# Capacitor Charger | LED Illuminate when Complete

1. Jul 21, 2009

### axi0m

I'm looking to assemble a capacitor charger in a nice, durable enclosure. I already have the DC to HV DC converter. I'm just looking, now, for a way to indicate when the capacitor is fully charged, practically identical to how a flash-enabled camera indicates when its capacitor is charged and ready for flash.

I'm not an electrical engineer, as such, I've thoroughly searched the big G for schematics or diagrams of this circuit and have come up empty handed. I'm sure it's rather simple and involves the manner of which the capacitor blocks DC current flow once the capacitor has been charged to the voltage of the source.

Any hints or help would be greatly appreciated! Thanks in advance for your time.

2. Jul 21, 2009

### logickills

Well if you know how to read an electronic schematic I can provide you with some very simple setups.

3. Jul 21, 2009

### axi0m

That would be outstanding! :-)

4. Jul 21, 2009

### vk6kro

You probably have something like this:
HV supply........... resistor..............capacitor............ground.

If so, you could lift the connection to ground and put a small resistor in there.

Now, if you measure the voltage across this resistor, you could see when there was no longer any current flowing into the capacitor. This avoids having any delicate circuitry at high voltage.
The start current would be about (HV supply) / (resistance of resistor) and you could use this current to work out a suitable resistor.
For example, to use the 2 V range on a digital multimeter you might like to make the voltage across this resistor start at 2 volts and decrease as the capacitor charged up.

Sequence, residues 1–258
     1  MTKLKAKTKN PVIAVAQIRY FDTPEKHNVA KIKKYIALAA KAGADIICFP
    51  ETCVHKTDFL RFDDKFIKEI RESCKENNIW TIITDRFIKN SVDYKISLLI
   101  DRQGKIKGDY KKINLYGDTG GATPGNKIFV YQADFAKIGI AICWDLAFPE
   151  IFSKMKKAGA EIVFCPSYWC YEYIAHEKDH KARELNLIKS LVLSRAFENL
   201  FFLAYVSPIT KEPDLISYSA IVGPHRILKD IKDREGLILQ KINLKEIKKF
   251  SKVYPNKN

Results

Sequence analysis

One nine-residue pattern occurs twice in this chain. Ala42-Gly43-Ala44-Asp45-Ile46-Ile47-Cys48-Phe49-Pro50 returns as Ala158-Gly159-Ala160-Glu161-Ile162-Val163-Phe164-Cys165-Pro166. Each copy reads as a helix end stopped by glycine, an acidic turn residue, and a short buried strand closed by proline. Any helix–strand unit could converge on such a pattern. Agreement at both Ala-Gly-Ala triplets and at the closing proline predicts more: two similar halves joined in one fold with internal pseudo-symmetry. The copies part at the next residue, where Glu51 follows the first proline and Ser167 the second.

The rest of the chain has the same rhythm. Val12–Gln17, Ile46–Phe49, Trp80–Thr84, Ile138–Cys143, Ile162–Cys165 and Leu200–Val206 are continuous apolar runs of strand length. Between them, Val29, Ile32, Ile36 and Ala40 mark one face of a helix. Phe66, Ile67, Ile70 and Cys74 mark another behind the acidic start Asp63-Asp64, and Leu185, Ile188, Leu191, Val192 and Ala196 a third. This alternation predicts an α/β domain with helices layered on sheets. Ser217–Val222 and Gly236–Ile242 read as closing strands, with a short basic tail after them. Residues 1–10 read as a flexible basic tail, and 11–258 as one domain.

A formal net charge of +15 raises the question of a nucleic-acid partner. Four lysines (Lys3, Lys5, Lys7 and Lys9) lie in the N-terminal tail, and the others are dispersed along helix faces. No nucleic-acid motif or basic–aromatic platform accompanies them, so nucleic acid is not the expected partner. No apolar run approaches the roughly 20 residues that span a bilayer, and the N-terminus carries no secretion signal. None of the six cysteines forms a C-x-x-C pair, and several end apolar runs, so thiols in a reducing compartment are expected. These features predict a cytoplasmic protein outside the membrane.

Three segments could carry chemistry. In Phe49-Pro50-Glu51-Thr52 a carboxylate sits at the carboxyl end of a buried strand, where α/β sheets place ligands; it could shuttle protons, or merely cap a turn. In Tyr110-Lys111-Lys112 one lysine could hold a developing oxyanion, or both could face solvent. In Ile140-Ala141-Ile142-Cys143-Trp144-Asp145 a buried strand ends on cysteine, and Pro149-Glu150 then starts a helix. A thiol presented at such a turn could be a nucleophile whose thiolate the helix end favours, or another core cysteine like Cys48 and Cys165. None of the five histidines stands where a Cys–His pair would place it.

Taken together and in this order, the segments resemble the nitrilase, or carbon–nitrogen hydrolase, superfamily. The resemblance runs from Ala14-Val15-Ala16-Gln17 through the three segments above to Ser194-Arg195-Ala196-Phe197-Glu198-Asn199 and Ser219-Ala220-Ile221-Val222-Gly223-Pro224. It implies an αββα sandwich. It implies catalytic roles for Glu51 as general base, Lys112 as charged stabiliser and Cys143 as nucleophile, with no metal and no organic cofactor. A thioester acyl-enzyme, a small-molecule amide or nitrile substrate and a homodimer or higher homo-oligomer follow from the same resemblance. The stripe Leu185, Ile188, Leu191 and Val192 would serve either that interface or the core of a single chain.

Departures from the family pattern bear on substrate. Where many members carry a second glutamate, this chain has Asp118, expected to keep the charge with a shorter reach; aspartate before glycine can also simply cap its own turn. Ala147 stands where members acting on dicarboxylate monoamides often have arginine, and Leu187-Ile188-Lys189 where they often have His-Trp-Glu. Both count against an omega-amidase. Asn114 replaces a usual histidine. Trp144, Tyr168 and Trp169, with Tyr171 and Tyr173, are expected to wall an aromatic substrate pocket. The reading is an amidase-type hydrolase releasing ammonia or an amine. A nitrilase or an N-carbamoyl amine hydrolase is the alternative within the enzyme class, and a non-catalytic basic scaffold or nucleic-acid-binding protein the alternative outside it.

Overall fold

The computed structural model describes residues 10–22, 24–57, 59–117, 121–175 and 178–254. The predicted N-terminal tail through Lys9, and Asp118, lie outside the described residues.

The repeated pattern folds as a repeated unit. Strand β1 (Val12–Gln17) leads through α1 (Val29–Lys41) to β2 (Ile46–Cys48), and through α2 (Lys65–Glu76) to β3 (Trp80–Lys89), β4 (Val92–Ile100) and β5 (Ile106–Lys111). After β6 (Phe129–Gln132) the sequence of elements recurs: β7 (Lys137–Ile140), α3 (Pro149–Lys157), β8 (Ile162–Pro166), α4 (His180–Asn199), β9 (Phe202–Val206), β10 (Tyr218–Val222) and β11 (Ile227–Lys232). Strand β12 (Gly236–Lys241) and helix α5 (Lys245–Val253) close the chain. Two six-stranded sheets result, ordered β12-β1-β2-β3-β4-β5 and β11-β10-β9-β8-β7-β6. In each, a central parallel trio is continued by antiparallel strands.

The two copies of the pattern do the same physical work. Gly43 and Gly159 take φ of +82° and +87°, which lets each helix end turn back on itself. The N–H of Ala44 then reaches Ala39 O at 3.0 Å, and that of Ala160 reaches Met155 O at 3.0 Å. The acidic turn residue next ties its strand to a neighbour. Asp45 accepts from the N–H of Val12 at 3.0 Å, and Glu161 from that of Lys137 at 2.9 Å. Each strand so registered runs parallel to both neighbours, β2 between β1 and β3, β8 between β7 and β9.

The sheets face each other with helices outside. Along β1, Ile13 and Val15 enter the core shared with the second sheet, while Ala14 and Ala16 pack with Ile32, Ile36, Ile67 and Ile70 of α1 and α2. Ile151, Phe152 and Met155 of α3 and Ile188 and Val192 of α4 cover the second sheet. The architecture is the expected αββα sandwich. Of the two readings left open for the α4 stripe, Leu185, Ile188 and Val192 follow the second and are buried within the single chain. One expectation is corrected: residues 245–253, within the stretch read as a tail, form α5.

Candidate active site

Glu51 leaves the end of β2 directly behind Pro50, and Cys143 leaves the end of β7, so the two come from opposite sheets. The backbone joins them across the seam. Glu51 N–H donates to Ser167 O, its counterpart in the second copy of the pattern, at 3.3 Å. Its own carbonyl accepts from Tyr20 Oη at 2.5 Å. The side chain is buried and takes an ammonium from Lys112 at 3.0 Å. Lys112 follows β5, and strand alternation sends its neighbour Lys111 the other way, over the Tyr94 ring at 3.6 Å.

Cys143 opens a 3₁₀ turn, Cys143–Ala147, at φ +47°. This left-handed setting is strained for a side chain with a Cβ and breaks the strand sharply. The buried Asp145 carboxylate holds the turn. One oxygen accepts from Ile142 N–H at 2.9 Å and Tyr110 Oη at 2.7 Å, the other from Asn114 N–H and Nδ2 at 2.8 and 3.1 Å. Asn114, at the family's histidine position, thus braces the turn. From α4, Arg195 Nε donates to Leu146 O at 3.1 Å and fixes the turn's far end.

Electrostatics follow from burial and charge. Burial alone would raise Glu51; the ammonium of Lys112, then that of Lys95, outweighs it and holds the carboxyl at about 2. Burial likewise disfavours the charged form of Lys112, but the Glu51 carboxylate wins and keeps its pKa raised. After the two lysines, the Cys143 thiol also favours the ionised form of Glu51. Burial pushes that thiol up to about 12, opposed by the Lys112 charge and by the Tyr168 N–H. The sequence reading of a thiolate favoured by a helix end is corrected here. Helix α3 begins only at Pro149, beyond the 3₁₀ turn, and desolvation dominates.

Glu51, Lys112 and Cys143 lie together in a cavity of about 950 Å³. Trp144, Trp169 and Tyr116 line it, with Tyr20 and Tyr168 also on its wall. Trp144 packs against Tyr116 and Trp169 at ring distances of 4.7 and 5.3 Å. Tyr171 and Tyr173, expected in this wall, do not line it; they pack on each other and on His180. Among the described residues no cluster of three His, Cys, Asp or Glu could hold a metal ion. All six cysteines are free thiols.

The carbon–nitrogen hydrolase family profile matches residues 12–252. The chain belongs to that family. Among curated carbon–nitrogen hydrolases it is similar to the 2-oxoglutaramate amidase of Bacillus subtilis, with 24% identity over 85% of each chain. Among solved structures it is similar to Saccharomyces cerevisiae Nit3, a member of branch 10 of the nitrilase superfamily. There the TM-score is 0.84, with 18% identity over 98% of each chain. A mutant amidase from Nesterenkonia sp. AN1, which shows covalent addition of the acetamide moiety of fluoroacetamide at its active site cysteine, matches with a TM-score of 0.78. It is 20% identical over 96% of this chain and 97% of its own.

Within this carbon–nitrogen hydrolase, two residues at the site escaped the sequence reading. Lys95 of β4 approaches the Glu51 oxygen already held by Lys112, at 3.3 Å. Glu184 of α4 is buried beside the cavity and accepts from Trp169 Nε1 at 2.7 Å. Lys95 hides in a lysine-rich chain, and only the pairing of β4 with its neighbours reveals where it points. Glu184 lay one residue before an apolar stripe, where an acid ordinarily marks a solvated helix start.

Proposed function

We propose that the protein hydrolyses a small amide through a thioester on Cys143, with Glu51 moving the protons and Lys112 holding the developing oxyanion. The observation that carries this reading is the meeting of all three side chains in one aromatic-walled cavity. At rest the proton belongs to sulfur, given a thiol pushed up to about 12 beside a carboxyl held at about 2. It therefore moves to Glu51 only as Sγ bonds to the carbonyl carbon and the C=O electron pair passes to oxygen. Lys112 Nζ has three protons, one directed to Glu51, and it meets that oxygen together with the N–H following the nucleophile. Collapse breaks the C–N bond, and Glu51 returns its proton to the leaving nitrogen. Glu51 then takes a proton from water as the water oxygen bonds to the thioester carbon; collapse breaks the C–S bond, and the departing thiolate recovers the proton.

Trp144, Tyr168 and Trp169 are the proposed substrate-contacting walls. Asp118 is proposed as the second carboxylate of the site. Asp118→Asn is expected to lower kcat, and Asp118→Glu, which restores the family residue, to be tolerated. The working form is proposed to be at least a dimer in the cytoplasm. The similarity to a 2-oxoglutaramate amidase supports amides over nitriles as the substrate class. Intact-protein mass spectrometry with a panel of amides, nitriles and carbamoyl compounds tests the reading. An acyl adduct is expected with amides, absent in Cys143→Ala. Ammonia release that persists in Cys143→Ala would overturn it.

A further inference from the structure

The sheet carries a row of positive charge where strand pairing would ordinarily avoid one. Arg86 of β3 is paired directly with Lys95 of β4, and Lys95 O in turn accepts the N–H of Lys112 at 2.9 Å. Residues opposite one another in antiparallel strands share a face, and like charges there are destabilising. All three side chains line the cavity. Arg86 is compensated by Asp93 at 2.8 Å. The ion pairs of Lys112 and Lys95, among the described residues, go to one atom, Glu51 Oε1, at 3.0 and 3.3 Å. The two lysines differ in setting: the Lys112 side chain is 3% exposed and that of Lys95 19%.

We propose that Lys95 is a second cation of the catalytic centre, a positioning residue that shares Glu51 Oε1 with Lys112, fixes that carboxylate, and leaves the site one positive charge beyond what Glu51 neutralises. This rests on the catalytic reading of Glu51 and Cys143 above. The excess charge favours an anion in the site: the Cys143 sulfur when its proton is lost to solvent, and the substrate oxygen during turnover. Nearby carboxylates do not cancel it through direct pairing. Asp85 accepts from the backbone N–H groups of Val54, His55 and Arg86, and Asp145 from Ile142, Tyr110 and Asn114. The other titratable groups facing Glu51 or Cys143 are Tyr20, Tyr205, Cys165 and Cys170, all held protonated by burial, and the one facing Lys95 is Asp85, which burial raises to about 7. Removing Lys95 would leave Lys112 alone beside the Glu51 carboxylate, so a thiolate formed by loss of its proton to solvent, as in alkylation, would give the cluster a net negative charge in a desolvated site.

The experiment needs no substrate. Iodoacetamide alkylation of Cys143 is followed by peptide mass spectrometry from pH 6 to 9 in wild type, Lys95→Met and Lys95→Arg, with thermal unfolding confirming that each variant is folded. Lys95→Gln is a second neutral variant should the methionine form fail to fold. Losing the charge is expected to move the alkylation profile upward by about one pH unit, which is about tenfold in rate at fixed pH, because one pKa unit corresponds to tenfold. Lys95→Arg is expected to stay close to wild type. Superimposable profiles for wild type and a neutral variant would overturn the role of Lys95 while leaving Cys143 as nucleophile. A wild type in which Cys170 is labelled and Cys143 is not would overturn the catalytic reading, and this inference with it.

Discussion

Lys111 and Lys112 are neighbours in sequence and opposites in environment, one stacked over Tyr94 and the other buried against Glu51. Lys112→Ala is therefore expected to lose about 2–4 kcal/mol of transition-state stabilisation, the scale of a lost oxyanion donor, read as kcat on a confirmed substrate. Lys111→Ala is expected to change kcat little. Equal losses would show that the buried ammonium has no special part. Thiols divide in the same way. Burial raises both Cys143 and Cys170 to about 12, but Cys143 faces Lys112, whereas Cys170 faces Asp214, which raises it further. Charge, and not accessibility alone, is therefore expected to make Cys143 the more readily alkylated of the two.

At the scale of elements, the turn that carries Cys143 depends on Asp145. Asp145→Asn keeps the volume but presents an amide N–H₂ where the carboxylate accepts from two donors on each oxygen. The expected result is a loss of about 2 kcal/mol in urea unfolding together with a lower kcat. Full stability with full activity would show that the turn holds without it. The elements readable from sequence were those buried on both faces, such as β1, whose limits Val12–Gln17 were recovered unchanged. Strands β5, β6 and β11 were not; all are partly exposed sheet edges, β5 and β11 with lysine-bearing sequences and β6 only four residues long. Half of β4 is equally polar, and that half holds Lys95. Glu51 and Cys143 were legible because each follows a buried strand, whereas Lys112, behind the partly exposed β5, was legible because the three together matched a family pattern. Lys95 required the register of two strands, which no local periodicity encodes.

5. Jul 21, 2009

### negitron

This is exactly the solution I was going to propose.

6. Jul 21, 2009

### axi0m

So in that scenario, the LED (if placed past the resistor) would illuminate as long as the capacitor is charging at an appreciable rate, as such, it would discontinue to illuminate once the capacitor was relatively charged?

If so, that is a very effective solution. However, I'm wondering what that actual "delicate circuitry" would be that could produce the effect of the LED illuminating once the capacitor has become "completely" charged. Due to my limited electrical knowledge, I simply can't conceptualize how this could be done.

Thanks for your help so far guys; I appreciate the responses.

7. Jul 22, 2009

### vk6kro

You could turn a LED on and off with an Op Amp.

When the voltage across the resistor above drops to less than 0.1 volt when it started at 10 volts, you could say the capacitor is fully charged. It is better than 99% charged. An Op Amp can easily do this but it would need a dual power supply.

Or if you would accept 0.6 volts across the resistor as a fully charged capacitor, you could turn on a NPN transistor which then removes the bias voltage from a conducting transistor which was passing current through a LED.

So, the second transistor conducts and lights the LED unless the first transistor is turned on.
The first transistor turns off when the capacitor is almost fully charged. This turns the LED on.

See attached picture.

A meter is a better way of indicating, though. One hazard with the LED approach is that you could have an open circuit capacitor which would light the LED immediately. A meter would show you it charging or not charging.

#### Attached Files:

• ###### LED.JPG
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8. Jul 24, 2009

### axi0m

Thanks so much! That's practically exactly what I wasn't able to think up myself. I wish these forums has plus rep options, I would have a lot of it to give out! ...and the schematic really helps, thanks again. :-)